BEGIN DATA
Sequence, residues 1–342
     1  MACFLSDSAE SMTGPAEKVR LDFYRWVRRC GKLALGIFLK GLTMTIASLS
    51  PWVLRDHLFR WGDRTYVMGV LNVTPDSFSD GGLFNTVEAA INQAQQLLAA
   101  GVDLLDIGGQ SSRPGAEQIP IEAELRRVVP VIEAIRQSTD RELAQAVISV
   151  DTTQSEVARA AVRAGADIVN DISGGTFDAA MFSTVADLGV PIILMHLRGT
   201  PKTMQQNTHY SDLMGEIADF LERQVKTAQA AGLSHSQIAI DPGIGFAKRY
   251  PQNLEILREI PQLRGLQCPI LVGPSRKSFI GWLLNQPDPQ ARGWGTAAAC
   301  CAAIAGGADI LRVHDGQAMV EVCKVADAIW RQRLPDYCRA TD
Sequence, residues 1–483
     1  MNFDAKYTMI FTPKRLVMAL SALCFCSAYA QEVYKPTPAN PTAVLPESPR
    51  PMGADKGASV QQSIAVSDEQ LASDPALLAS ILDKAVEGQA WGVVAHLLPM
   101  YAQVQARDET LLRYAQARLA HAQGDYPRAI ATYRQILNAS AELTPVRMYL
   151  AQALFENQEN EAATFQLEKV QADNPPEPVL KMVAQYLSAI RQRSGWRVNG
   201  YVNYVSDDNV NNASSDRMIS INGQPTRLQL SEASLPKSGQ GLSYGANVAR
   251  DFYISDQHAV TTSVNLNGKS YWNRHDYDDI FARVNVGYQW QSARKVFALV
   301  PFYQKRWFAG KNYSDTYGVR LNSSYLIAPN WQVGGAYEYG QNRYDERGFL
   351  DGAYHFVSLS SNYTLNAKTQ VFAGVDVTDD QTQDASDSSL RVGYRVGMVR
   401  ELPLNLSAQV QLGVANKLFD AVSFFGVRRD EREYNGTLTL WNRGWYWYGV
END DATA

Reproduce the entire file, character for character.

Sequence, residues 1–342
     1  MACFLSDSAE SMTGPAEKVR LDFYRWVRRC GKLALGIFLK GLTMTIASLS
    51  PWVLRDHLFR WGDRTYVMGV LNVTPDSFSD GGLFNTVEAA INQAQQLLAA
   101  GVDLLDIGGQ SSRPGAEQIP IEAELRRVVP VIEAIRQSTD RELAQAVISV
   151  DTTQSEVARA AVRAGADIVN DISGGTFDAA MFSTVADLGV PIILMHLRGT
   201  PKTMQQNTHY SDLMGEIADF LERQVKTAQA AGLSHSQIAI DPGIGFAKRY
   251  PQNLEILREI PQLRGLQCPI LVGPSRKSFI GWLLNQPDPQ ARGWGTAAAC
   301  CAAIAGGADI LRVHDGQAMV EVCKVADAIW RQRLPDYCRA TD
Sequence, residues 1–483
     1  MNFDAKYTMI FTPKRLVMAL SALCFCSAYA QEVYKPTPAN PTAVLPESPR
    51  PMGADKGASV QQSIAVSDEQ LASDPALLAS ILDKAVEGQA WGVVAHLLPM
   101  YAQVQARDET LLRYAQARLA HAQGDYPRAI ATYRQILNAS AELTPVRMYL
   151  AQALFENQEN EAATFQLEKV QADNPPEPVL KMVAQYLSAI RQRSGWRVNG
   201  YVNYVSDDNV NNASSDRMIS INGQPTRLQL SEASLPKSGQ GLSYGANVAR
   251  DFYISDQHAV TTSVNLNGKS YWNRHDYDDI FARVNVGYQW QSARKVFALV
   301  PFYQKRWFAG KNYSDTYGVR LNSSYLIAPN WQVGGAYEYG QNRYDERGFL
   351  DGAYHFVSLS SNYTLNAKTQ VFAGVDVTDD QTQDASDSSL RVGYRVGMVR
   401  ELPLNLSAQV QLGVANKLFD AVSFFGVRRD EREYNGTLTL WNRGWYWYGV